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- “​Gal Seembala - An instant link to the distant past

All about the Gal Siyambala fruit from Sri Lanka

Y​ou just have to weep, when you see good things vanish before your eyes

45w ago

G​al Seembala is what this is called in the vernacular. Known in English as Velvet Tamarind, it is a fruit. Unlike regular tamarind, it doesn’t grow in a pod. And that is where the issue lies. But more of that later.

A​ dark brown shell that really is very velvety to the touch, hides a delicate, creamy fleshy pod, which encases a tough little seed. Crack the shell open, pop the fleshy pod into your mouth and revel in its tangy, sharp taste.

T​hey say you cannot eat the shell. They say you shouldn’t swallow the seed. I’d leave experimentation up to you!

D​iscarded Gal Seembala shells. The amount in the bowl kept growing

D​iscarded Gal Seembala shells. The amount in the bowl kept growing

A​ long time ago, gal seembala season lasted from May to July. Every street corner had a gal seembala seller. It was available outside every school gate and was a hit with most of us. These days not so much. Yes. It still remains a hit, but a 100gms of it retails for a LOT more than we paid for it all those year ago, even allowing for inflation.

The reason is tragic.

The gal seembala tree grows in the jungles, where they have time to mature and reach proper fruit bearing age. But the jungles have been and are being ravaged. Illegal deforestation and “development” has seen to that. Gal Seembala is threatened with habitat loss in the few countries it grows in. Not just ours. The other thing about this fruit is that its really hard to harvest. Each fruit is about the size of your thumbnail, so breaking thousands off a tree, that can grow up to 15 Meters tall, individually, is impractical. So the harvesters break branches off and shake them. Good for gal seembala aficionados who savour the fruit - bad for the trees.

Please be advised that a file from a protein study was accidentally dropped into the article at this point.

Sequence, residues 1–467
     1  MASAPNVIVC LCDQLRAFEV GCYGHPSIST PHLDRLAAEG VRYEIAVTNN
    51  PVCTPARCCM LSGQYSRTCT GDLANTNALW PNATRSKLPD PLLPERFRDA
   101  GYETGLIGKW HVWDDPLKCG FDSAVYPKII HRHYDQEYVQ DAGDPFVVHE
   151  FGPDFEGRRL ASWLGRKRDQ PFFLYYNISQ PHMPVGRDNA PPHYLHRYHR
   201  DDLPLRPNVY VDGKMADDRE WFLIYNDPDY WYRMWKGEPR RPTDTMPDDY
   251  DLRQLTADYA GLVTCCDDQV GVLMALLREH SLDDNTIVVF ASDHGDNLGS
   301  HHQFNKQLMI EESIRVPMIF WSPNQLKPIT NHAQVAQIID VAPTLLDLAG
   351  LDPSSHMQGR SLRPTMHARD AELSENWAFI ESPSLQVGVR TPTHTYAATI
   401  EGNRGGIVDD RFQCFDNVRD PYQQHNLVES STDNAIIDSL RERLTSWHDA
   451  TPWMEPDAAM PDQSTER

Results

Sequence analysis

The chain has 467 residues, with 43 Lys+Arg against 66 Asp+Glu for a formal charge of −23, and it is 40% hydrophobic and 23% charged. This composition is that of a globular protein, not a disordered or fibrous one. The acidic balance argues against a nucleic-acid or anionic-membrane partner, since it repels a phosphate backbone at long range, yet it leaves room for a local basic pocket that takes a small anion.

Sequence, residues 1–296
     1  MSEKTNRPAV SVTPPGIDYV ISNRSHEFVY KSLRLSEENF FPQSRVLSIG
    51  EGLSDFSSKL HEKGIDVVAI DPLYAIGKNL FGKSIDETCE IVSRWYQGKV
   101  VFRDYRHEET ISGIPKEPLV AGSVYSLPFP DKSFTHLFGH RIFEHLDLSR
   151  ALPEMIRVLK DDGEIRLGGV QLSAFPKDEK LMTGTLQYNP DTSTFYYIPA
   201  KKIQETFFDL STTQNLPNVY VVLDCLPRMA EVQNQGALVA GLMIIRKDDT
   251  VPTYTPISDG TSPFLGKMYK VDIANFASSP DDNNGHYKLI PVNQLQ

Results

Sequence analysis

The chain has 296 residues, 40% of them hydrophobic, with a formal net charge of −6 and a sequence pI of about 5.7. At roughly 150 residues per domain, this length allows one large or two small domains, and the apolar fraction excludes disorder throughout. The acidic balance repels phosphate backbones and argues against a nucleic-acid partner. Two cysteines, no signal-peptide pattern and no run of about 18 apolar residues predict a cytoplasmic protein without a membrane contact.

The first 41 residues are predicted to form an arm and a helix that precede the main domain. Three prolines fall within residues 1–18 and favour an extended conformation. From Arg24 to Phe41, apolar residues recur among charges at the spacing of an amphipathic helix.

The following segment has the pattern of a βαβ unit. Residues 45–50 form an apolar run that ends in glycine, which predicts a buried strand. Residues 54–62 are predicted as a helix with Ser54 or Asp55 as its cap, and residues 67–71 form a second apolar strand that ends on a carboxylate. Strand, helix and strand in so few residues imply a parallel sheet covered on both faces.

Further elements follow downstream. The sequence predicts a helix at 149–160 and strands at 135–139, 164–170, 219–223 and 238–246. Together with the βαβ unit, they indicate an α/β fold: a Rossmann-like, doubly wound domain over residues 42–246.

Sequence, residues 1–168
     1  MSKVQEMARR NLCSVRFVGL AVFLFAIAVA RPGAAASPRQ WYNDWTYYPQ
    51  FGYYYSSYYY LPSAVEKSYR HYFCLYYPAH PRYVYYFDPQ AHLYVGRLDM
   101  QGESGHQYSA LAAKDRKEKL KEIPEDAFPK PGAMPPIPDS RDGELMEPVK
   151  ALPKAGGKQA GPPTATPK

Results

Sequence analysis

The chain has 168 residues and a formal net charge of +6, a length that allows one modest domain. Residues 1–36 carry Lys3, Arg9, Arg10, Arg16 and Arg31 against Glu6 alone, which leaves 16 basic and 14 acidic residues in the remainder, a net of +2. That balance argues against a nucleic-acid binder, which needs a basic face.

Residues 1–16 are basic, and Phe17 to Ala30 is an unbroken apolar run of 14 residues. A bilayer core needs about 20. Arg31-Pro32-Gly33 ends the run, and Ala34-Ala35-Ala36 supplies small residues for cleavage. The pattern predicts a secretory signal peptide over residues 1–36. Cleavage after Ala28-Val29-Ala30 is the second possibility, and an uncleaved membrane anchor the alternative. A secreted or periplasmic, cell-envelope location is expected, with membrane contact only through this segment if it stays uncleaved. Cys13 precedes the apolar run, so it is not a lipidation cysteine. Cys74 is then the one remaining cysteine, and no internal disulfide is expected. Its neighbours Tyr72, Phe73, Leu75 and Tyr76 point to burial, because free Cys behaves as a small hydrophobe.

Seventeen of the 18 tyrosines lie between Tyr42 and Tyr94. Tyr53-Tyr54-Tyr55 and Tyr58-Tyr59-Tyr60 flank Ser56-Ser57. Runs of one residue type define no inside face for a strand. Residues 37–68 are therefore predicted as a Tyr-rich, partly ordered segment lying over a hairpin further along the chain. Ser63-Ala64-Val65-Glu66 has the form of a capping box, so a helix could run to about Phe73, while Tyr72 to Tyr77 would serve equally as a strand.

As far as I know, no one has grown plant either in orchards or estates. The reason for this is it takes long to mature. Yet another reason why this fruit is ‘endangered’

I​t truly is hard to think of conservation when something is this good - but....

I​t truly is hard to think of conservation when something is this good - but....

T​oday, we enjoyed a little bag of gal seembala. Today we decided to save the seeds and to plant them. Maybe a hundred years from now they would bear fruit and it would be loved and cherished by a generation who would have long forgotten about us.

N​B: Seembala is the way we pronounce it. It has been pointed out that its spelled Siyambala... go figure! Thanks Darling Dilu.

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Comments (2)

    • 10 months ago
  • @ Johann Raymond, the half Sinhalese side of me came out in that one!!! 😁

    Grew up picking and eating the deliciously ripe Siyamblas, that fell off the trees, in our aachchies garden. Unfortunately there weren’t any Gal Siyambala trees but we relished on the massang, damson, dhang( that little purple/ bluish ball of colourful goodness) billing mango and Ambarella ( refereed to as HOG PLUMS😄here in Australia) .... of course, making an Achchaaru with one or all of the above.

      10 months ago